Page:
A bio-integrated greenhouse, for example, doesn’t just extend the season for growing vegetables; it also serves as a rainwater collector, a pond site, an aquaponics system, and a heat generator. The Bio-Integrated Farm offers in-depth information about designing and building a wide range of bio-integrated projects including:

  • Reflecting and water-storage ponds
  • Multipurpose basins
  • Greenhouses
  • Compost heat extraction
  • Pastured chicken systems
  • Aquaculture, hydroponics, and hydronic heating
  • Water filtration and aeration
  • Cover cropping
  • Innovative rainwater-harvesting systems that supply water for drip irrigation and flushing toilets

Jadrnicek focuses on his experience as farm manager at the Clemson University Student Organic Farm and at his residence in the foothills of the Blue Ridge Mountains. He created permaculture patterns that simplified the operation of the 125-share CSA farm while reducing reliance on outside resources. His landscape requires only the labor of harvesting, and the only outside input he buys is a small amount of chicken feed. Jadrnicek’s prevalent theme is using water to do the work. Although applicable in many climates, his designs are particularly important for areas coping with water scarcity.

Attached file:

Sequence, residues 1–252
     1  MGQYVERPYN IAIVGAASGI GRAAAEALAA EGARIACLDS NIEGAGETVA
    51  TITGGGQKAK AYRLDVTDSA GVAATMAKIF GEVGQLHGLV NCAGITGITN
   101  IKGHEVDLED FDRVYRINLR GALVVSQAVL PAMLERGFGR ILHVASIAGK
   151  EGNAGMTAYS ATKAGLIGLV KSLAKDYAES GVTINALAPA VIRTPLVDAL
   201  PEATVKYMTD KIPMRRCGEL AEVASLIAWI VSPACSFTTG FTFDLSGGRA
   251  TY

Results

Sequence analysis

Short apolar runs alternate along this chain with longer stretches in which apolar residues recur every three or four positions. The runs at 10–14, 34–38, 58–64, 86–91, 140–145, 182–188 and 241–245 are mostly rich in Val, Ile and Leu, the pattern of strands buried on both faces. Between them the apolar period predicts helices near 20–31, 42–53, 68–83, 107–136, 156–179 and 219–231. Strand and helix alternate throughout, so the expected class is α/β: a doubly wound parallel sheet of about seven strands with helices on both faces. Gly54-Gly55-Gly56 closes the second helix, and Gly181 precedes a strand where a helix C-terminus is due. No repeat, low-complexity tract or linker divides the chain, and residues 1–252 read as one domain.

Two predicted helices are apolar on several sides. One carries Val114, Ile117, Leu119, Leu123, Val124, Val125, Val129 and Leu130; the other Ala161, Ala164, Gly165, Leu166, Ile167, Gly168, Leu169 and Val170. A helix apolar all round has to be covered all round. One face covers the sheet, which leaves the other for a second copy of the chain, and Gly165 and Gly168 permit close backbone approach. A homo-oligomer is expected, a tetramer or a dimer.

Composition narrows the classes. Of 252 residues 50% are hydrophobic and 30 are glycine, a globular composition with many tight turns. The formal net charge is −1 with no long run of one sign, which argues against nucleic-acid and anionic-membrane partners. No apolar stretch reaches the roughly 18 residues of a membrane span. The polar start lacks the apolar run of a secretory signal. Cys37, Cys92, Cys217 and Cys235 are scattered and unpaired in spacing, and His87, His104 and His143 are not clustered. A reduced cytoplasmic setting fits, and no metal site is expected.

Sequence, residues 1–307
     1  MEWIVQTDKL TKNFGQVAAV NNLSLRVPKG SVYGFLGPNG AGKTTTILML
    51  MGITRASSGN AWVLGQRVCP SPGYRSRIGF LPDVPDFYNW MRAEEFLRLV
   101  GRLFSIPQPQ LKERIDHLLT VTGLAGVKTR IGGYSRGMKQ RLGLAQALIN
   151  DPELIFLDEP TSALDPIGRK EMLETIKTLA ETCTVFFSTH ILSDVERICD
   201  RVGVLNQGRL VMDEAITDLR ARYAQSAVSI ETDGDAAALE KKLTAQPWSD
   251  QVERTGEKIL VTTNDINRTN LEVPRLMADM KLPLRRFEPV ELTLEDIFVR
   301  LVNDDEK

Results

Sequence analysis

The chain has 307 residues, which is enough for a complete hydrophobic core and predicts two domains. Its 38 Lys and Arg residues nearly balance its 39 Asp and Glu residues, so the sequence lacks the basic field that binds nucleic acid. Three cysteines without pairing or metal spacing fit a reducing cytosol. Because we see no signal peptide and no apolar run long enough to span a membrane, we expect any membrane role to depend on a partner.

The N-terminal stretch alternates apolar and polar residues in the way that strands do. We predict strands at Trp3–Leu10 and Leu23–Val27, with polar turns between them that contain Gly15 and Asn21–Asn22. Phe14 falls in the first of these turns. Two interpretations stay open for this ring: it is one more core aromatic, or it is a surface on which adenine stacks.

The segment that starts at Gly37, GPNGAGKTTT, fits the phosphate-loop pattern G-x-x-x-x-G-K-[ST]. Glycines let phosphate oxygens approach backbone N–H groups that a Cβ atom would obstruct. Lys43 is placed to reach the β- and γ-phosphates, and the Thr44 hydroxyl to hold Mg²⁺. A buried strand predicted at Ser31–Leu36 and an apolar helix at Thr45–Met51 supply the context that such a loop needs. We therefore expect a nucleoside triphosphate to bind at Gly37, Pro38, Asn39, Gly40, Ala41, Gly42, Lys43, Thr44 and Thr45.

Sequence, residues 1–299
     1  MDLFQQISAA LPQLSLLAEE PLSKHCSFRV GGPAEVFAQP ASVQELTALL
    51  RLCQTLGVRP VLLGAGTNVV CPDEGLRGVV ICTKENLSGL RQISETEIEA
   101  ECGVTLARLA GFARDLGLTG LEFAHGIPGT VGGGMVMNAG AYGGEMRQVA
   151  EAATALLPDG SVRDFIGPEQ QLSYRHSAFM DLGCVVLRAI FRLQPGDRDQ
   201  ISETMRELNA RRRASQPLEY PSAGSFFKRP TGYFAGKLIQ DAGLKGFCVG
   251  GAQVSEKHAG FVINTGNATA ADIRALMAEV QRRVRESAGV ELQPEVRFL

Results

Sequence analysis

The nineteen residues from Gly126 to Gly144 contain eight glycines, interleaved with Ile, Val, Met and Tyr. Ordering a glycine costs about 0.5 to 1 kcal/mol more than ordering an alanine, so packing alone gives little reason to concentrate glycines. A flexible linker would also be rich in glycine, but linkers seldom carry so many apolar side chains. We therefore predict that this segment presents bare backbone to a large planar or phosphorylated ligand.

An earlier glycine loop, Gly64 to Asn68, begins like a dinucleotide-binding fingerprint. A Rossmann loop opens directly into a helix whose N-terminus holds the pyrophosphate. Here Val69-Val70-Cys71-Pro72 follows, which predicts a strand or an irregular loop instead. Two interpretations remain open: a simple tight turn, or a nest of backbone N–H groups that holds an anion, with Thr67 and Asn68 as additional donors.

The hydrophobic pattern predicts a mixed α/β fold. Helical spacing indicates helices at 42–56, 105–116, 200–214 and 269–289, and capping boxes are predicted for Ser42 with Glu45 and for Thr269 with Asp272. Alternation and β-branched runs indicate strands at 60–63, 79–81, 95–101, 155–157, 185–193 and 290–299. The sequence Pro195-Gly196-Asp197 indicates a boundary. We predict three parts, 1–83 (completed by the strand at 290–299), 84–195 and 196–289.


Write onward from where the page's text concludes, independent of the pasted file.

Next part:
If you are interested in spending less time maintaining your farm or homestead, if you want to increase productivity, if you want to decrease your dependency on outside resources, or if you are curious about how to inexpensively extend your growing season, then this book is for you. The process is simple—put nature to work through intelligent design.